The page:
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The follow results in 4 db hits. Since lines 3 & 4 are just filtering what I grabbed in line 2, what do I need to change so it doesn't hit the db again?

page = get_object_or_404(Page, url__iexact = page_url)
installed_modules = page.module_set.all()
navigation_links = installed_modules.filter(module_type=ModuleTypeCode.MODAL)
module_map = dict([(m.module_static_object.key, m) for m in installed_modules])
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Why does installed_modules = include the .all() method? Further, why are you building a dictionary? What more is going to happen with this collection? –  S.Lott Jan 10 '12 at 20:30
    
@S.Lott this is part of a much bigger function. Regardless of what comes after, I'm just trying to optimize these lines so I dont hit the db more than twice. Once to grab the page object, and then once to grab the related modules to that page. Then I can use the related set to build the dict, etc... I'm using all to get all the modules that are related to this page. But if it's unnecessary, I'd remove it. –  Brenden Jan 10 '12 at 20:43
    
what about navigation_links = installed_modules.filter(module_type=ModuleTypeCode.MODAL).select_related('modul‌​e_static_object__key')? Learn more about select_related. –  danihp Jan 10 '12 at 21:06
    
@Brendan: (1) Please add information by updating the question so it's one, coherent whole. (2) "But if it's unnecessary, I'd remove it". You should try removing .all() to see what happens. (3) Creating a dictionary still seems needless. Please update the question to explain why the dictionary is getting built. –  S.Lott Jan 10 '12 at 21:06

2 Answers 2

up vote 4 down vote accepted

Django querysets are lazy, so the following line doesn't hit the database:

installed_modules = page.module_set.all()

The query isn't executed until you iterate over the queryset in this line:

module_map = dict([(m.module_static_object.key, m) for m in installed_modules])

So the code you posted only looks like 3 database queries hits to me, not 4.

Since you are fetching all of the modules from the database already, you could filter the navigation links using a list comprehension instead of another query:

navigation_links = [m for m in installed_modules if m.module_type == ModuleTypeCode.MODAL]

You would have to do some benchmarking to see if this improved performance. It looks like it could be premature optimisation to me.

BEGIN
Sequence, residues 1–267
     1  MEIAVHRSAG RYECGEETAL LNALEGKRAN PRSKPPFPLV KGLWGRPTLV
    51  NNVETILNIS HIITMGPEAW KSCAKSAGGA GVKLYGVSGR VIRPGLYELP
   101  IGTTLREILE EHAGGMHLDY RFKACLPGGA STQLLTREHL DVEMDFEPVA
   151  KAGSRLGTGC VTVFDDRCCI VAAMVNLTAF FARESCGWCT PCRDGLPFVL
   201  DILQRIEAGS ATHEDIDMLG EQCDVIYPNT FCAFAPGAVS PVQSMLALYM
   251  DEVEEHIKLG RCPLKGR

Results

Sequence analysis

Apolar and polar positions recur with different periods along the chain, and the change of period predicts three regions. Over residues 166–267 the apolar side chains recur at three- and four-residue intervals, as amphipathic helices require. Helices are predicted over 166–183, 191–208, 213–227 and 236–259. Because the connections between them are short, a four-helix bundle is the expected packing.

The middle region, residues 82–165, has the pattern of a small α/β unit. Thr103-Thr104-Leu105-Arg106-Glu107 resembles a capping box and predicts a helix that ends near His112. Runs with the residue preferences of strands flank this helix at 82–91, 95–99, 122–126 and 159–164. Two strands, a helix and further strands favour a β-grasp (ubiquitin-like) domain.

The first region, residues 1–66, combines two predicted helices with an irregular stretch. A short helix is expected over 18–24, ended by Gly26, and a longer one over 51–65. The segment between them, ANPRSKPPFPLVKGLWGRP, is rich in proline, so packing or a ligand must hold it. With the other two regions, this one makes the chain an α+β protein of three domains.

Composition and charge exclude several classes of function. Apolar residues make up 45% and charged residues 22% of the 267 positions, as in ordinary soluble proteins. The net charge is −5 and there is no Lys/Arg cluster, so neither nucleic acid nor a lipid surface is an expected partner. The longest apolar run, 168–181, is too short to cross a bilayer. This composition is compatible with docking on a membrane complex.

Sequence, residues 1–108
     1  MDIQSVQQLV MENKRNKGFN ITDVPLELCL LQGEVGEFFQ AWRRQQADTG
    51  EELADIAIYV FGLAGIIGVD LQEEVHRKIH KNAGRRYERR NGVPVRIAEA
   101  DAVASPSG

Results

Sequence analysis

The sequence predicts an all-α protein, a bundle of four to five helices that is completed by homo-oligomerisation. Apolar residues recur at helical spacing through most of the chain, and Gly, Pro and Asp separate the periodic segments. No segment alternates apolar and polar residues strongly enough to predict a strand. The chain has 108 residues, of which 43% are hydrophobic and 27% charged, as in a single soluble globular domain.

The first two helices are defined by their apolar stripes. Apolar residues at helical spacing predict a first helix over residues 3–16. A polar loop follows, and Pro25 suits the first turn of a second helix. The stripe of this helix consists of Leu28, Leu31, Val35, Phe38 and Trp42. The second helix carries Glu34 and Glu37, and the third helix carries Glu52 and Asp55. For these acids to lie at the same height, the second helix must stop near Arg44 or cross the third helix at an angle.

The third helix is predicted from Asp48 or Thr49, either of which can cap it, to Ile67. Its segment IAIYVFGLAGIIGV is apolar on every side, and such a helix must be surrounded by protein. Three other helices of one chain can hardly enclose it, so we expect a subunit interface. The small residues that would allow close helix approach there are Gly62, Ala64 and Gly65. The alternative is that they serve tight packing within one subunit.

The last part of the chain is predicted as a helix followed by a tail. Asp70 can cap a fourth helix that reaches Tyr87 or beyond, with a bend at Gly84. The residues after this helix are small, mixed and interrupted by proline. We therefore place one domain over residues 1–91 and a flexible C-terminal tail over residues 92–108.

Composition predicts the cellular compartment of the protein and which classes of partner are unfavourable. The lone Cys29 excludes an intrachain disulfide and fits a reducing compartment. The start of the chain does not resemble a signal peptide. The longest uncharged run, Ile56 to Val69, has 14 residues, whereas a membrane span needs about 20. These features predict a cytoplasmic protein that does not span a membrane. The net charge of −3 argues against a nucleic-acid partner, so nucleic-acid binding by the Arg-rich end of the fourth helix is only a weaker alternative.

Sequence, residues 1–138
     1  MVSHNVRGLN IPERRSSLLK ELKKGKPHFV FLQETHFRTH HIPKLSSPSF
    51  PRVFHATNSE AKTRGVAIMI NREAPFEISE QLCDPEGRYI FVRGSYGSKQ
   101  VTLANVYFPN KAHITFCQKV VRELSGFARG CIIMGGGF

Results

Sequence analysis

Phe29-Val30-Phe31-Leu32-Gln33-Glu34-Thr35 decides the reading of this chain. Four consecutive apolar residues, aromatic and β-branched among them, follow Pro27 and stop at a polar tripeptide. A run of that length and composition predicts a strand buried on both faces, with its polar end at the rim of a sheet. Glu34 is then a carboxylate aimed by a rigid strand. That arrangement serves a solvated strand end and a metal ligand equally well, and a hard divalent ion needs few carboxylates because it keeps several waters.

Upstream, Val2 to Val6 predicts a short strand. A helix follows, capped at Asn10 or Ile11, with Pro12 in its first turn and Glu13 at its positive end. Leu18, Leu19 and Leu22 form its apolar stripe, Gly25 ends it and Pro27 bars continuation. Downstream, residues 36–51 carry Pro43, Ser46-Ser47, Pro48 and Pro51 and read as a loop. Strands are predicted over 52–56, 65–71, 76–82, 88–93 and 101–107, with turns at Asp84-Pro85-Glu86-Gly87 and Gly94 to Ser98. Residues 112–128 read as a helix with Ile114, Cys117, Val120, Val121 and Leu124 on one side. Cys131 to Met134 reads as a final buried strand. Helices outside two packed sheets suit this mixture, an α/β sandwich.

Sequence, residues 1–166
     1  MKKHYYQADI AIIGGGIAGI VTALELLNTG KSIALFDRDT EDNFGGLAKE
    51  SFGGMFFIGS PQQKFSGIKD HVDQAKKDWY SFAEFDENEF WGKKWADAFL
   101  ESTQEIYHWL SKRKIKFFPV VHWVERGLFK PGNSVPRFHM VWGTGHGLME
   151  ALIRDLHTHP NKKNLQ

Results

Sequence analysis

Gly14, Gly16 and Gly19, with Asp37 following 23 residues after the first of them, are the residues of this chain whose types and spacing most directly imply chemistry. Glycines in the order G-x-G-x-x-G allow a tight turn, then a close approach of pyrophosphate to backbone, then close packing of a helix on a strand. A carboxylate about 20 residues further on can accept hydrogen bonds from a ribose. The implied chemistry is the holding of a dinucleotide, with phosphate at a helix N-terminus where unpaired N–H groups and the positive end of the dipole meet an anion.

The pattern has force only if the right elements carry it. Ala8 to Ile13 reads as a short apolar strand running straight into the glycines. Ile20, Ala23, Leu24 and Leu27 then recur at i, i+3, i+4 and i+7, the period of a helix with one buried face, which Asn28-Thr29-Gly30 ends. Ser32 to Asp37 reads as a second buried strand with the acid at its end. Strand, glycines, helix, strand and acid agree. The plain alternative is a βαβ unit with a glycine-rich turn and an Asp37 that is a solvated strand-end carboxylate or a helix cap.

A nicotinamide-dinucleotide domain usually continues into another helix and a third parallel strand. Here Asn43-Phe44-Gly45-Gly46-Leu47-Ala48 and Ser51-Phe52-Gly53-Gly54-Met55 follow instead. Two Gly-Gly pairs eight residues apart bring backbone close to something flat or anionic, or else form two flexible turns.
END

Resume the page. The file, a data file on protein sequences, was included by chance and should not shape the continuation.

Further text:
You might be doing one database query for each module where you fetch module_static_object.key. In this case, you could use select_related.

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exactly what i was looking for. thank you! –  Brenden Jan 10 '12 at 22:11

This is a case of premature optimization. 4 DB queries for a page load is not bad. The idea is to use as few queries as possible, but you're never going to get it down to 1 in every scenario. The code you have there doesn't seem off-the-wall in terms of needlessly creating queries, so it's highly probable that it's already as optimized as you'll be able to make it.

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How do you know how expensive the queries are? The question he asked is reasonable. –  jknupp Jan 10 '12 at 20:59
    
Chris - this is the beginning to a pretty long function. When I look at all the queries in the function, I think this is where I can save the most. that's why I'm trying to optimize. –  Brenden Jan 10 '12 at 21:02
    
Well, the point is that there's not really any savings to be had here. Getting the initial page object is a query unto its own. Getting the installed_modules is another query. Getting navigation_links is necessarily yet another query (even though it's building off the query for installed_modules), unless you do something like create a list comprehension from installed_modules. That'll save a query, but leaves you with a static list instead of a queryset. At the most you save one query, which is virtually meaningless in the grand scheme, considering the lost functionality. –  Chris Pratt Jan 10 '12 at 22:45

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